Bringing enough water during your long hike is key, especially during warm weather. In the summer, during long hikes I bring 4 liters of water (3 L bladder + 1 L bottle) along with a water filter so I can filter water from a stream if it’s needed. When I hiked the Dix Range last summer on a hot day, I drank the entire 4 liters. If you find you are a salty sweater, it wouldn’t hurt to bring some electrolyte tablets, such as Nuun, a bottle of Gatorade, or even salt tablets. On a super hot day, I keep a frozen bottle of Gatorade in my pack next to my hydration bladder. It keeps the bladder cold and eventually thaws, leaving a nice cold beverage. Rehydrating (with something other than a craft beer!) after your hike is also extremely important–so leaving a cooler full of ice cold water and gatorade in your car for post-hike rehydration is a fantastic idea!

Hiking Snack Ideas

What are some of your favorite snack ideas for hiking?

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Hadley Mountain Firetower – 6.3.17

A few of my good friends will most likely be finishing the 46 this year! Brendan and I were planning on hiking Dial and Nippletop today, but because it’s still mud season and the forecast looked grim, yesterday we called it; we decided to stay close to home and hike Hadley Mountain. We’re both sort of hiking the Firetower Challenge and Brendan hasn’t hiked Hadley yet! It was my third time up this mountain.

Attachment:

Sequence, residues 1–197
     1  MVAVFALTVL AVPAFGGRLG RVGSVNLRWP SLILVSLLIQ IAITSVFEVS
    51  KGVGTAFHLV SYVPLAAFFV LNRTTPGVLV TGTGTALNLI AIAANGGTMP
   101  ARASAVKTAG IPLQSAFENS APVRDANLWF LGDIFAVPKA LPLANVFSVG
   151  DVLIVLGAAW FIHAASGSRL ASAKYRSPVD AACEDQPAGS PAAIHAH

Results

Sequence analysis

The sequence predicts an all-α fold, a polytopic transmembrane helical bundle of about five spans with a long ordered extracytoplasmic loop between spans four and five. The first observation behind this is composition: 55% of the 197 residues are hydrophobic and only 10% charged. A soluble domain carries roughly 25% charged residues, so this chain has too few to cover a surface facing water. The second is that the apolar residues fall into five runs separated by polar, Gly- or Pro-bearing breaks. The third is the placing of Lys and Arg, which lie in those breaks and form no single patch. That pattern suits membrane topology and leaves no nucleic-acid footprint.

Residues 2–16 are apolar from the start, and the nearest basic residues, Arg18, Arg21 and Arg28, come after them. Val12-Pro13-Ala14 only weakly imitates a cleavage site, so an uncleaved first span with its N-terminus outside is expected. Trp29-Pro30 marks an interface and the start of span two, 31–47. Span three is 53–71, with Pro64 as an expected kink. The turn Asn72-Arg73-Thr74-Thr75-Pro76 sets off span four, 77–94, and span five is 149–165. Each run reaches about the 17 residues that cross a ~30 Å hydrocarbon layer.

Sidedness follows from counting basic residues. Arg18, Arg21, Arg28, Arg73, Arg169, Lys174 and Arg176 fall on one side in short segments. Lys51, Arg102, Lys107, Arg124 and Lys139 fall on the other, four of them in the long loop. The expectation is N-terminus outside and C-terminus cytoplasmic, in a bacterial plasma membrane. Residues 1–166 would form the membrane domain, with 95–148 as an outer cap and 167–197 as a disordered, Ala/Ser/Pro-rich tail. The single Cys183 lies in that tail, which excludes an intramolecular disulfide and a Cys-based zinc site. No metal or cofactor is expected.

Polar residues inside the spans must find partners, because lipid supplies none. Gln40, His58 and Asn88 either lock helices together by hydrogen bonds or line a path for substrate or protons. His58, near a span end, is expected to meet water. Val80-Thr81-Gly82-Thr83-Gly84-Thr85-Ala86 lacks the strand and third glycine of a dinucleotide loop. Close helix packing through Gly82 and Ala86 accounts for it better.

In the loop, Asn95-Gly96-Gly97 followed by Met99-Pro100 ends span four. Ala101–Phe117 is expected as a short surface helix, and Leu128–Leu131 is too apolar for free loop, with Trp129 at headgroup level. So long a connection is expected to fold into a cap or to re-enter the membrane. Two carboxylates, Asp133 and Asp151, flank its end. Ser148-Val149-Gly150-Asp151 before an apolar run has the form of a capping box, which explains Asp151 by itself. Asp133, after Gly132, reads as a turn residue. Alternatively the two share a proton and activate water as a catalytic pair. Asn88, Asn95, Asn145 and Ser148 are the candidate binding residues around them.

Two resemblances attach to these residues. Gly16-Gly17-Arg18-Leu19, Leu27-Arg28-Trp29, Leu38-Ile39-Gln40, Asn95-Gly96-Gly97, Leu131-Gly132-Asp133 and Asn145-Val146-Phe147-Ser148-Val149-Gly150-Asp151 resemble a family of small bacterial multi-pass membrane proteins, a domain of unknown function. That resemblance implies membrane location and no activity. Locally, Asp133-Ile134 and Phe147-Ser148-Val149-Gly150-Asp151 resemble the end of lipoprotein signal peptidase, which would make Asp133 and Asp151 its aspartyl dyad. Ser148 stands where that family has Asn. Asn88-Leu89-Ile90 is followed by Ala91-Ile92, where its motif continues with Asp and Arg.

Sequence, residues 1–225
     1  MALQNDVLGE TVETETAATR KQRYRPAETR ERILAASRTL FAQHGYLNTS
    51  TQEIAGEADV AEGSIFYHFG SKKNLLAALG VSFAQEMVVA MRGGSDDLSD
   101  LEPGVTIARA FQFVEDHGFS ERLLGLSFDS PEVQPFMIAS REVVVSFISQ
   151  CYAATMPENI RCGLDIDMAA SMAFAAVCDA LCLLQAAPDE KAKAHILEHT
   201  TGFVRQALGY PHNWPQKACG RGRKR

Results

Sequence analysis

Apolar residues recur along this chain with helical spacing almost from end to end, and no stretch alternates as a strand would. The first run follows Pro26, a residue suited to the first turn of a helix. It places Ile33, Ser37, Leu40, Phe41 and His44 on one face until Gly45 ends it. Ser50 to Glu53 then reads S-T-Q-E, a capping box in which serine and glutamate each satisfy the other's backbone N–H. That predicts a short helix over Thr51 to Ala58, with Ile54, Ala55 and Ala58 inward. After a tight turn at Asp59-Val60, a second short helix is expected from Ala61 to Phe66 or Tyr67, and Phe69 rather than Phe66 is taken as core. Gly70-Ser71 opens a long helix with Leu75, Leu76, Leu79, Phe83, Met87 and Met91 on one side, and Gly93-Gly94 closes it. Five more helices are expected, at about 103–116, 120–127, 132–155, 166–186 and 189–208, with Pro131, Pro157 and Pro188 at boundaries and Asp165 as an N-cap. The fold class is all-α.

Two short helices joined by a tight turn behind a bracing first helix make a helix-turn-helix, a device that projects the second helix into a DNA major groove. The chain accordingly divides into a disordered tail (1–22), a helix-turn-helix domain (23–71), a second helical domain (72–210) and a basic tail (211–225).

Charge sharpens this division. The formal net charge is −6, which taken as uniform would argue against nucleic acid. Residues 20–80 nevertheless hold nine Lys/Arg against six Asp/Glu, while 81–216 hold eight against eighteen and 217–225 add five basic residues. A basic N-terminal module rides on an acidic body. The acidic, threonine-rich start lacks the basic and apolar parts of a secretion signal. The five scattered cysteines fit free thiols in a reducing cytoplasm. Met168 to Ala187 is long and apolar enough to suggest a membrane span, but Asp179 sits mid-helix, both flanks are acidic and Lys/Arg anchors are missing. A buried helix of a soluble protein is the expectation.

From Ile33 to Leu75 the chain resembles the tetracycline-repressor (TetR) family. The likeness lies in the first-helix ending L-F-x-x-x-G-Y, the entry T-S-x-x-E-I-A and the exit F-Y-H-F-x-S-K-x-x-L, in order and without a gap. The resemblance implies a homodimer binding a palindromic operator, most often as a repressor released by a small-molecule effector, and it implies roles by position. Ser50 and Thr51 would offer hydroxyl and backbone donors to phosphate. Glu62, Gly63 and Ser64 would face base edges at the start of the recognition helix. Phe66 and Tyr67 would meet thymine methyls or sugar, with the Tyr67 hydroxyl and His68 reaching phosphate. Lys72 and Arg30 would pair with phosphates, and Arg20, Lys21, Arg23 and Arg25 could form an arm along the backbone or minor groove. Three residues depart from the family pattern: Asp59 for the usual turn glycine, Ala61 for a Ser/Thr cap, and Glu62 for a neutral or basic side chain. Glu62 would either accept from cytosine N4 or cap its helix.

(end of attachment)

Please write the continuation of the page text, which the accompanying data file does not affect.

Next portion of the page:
I think we got our latest start yet–arriving at the trailhead at 4:30pm. We weren’t concerned, as it was about a 3.1 mi hike RT.

We made it to the summit just under an hour! The late start meant we had the summit to ourselves.

It was a nice night for a hike!

Hadley Mountain Firetower
Distance 3.1 mi RT
Time 2 hrs, 21 min
Ascent 1,518′

In other news, I finally completed my 46r “shrine”!  Can you spot the cat silhouette in one of the picture frames? Too funny!

“Conquering the 46ers” print purchased on Etsy.
Adirondack Park Silhouette purchased on Etsy.
Whiteface Mountain benchmarker replica and print purchased from the Mountaineer
Mini ADK chair acquired from a nutrition conference in Lake Placid

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The Crows – 5.28.17 and the 46rs Banquet